2017-18 Finish: 16th
2018-19 Prediction: 9th

Notable Transfers Out: CAM Daniel Didavi (€4M, Stuttgart), CF Landry Dimata (Anderlecht – loan), ST Divock Origi (Liverpool – end of loan),

Notable Transfers In: CF Daniel Ginczek (€14M, Stuttgart), CF Wout Weghorst (€10M, AZ Alkmaar), LB Jerome Roussilon (€8M, Montpellier), CB Marcel Tisserand (€7M, FC Ingolstadt – loan made permanent), RW Felix Klaus (€3M, Hannover 96), LW/RW Paul-Georges Ntep (St. Etienne – end of loan), ST Kaylen Hinds (Greuther Furth – end of loan)

It was one of the more forgettable campaigns in decades for VfL Wolfsburg in 2017-18, as the Wolves avoided relegation by the skin of their teeth by beating Holstein Kiel in the Bundesliga promotion/relegation play-off.

Wolfsburg fans will hope the disastrous season is rock bottom, as any worse than last year would mean relegation. Last season was quite the unwanted 180-degree turn for a club that won the Bundesliga in 2009, won the DFB-Pokal in 2015 and played a Champions League quarterfinal match in 2016.

2,w=993,c=0.sport.jpg
Max Arnold is the longest-tenured Wolfsburg player, debuting for the first team in 2011.

It should turn out to be as close to rock bottom as possible, because Wolfsburg spent a decent sum of money in this summer’s transfer window and will welcome the return of a healthy John Brooks at centre-back and captain Ignacio Camacho from severe injuries to climb back up the table. Midfielder Yannick Gerhardt also missed significant time last year.

To be fair, Wolves’ final position of 16th on the table may not have been fair, as they looked better than Freiburg, Hannover and Mainz for most of the season – all of whom finished above them on the table. Wolfsburg shockingly finished with 15 draws and can boast that they earned a result against every Bundesliga side, clearly showing they were capable of a mid-table finish if it weren’t for disastrous losses to Hamburg and Köln.

Top Players

1. CB John Brooks 
2. CAM Maximilian Arnold
3. GK Koen Casteels

There’s no reason to believe Wolfsburg will again be a bottom-table team. They have far more talent than many clubs in this league – manager Bruno Labbadia just needs to put the pieces together.

There’s already a respectable defence in place in front of solid goalkeeper Koen Casteels. Wolfsburg allowed 48 goals last season, joint-10th in the Bundesliga, but they could not score consistently, netting only 36 (1.1 per game). Their frustration was often clear, racking up six red cards throughout the season.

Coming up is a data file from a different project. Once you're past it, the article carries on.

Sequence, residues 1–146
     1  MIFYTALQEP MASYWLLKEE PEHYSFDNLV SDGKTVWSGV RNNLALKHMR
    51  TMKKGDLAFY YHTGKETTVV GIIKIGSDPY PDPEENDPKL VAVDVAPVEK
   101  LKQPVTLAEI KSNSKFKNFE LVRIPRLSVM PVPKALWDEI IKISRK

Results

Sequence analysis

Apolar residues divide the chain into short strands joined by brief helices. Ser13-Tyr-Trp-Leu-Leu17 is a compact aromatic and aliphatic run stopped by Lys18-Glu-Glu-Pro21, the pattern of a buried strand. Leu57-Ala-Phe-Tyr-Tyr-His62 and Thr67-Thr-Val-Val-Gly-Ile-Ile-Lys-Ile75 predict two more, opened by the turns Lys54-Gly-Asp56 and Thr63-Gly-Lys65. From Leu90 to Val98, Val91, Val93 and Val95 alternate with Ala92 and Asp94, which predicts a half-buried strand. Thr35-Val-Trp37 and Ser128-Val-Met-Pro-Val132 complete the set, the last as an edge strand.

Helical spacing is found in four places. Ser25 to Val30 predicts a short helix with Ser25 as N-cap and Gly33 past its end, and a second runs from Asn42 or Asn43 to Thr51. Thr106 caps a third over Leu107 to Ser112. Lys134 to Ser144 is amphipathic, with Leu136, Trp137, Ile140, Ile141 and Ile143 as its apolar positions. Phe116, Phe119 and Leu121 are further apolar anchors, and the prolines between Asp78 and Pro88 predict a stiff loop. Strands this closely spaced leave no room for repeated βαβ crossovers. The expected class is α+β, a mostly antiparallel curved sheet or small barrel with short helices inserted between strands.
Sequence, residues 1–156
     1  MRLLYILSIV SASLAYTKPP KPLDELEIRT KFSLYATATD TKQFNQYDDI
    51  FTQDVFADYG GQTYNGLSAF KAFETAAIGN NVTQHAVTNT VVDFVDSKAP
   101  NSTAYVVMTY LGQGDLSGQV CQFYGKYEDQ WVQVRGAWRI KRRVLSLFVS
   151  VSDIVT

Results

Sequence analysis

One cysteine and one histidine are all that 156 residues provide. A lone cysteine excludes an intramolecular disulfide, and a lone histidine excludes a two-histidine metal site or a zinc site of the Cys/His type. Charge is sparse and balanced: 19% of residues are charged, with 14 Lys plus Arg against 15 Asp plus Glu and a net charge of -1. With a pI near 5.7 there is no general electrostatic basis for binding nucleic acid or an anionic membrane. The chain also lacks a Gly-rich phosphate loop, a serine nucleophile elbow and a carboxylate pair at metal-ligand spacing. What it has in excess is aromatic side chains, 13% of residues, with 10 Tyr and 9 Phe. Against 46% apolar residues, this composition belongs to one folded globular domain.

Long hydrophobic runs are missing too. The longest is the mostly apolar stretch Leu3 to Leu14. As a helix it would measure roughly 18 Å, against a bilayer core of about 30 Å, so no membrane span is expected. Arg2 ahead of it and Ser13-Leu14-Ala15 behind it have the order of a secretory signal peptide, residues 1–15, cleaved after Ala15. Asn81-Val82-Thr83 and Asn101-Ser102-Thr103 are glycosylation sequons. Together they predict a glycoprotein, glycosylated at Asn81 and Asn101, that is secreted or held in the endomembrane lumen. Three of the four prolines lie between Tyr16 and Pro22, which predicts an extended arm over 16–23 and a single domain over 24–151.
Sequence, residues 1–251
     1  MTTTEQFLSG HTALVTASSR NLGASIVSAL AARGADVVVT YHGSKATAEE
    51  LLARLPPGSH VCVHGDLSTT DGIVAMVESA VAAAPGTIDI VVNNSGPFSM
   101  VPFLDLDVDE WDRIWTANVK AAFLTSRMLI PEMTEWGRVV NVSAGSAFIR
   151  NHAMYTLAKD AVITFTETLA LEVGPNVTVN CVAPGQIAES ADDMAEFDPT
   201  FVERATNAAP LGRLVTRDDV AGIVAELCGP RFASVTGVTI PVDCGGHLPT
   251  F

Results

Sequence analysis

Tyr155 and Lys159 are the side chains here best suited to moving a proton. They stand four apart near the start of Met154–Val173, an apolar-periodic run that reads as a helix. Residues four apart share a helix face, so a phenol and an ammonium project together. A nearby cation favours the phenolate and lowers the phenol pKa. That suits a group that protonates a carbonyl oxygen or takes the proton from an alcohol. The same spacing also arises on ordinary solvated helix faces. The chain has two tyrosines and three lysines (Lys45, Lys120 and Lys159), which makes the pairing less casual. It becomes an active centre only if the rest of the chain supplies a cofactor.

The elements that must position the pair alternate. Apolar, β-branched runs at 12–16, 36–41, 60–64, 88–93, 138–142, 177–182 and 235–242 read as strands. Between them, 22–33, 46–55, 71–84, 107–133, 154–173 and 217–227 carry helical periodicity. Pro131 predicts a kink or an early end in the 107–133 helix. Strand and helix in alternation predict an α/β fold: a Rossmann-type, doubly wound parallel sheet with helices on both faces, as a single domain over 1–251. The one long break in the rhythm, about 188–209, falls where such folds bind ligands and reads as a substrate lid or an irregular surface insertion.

Statistically, Wolves were OK. They had a strong 79.3 pass percentage and 49.6% possession as a team. They were also somewhat unlucky in managing only one penalty goal all season, which does underline their need for more skilled, quick dribblers up front.

It’s only preseason, but Wolfsburg have faced some very hefty competition and fared well. They’ve earned a 3-1 win over Napoli and 3-0 win over Ajax, also facing off against OL Lyon.

Strengths: defensively strong, good talent all-around, productive transfer window
Weaknesses: discipline when trailing, creativity in attack, injury-prone

Daniel-Ginczek-traf-in-dieser-Saison-trotz-1339657-1.jpg
Daniel Ginczek must play a big-time role if Wolfsburg plan on playing in Europe next season.

The loss of leading goalscorer (and assist-man) Daniel Didavi to Stuttgart will surely be a blow, but in return Wolves get former Stuttgart-forward Daniel Ginczek who tallied seven goals in only 1532 minutes last season.

What is Ginczek’s strength? Dribbling. Exactly what Wolves need. They also added Dutch striker Wout Weghorst, who has been one of the Eredivisie’s top goal-getters the past two years, bagging 17 or more goals for AZ Alkmaar in back-to-back seasons. Those two should should replace, or even be an upgrade, from Didavi and Divock Origi, who was unimpressive as Wolfsburg’s first-choice striker in his loan spell from Liverpool.

With more strength in attack, a solid midfield when healthy and a defence that’s also proven capable when healthy, Wolfsburg will have a relative bounce-back campaign after near disaster last year. A lot depends on Weghorst’s transition to the Bundesliga and how well Ginczek slots into the team with the long-time Wolfsburg man Maximilian Arnold playing behind or alongside him. A run toward European football is certainly not out of the question if all the stars align, with another relegation battle unlikely for VfL Wolfsburg.

Advertisements

Leave a Reply

This site uses Akismet to reduce spam. Learn how your comment data is processed.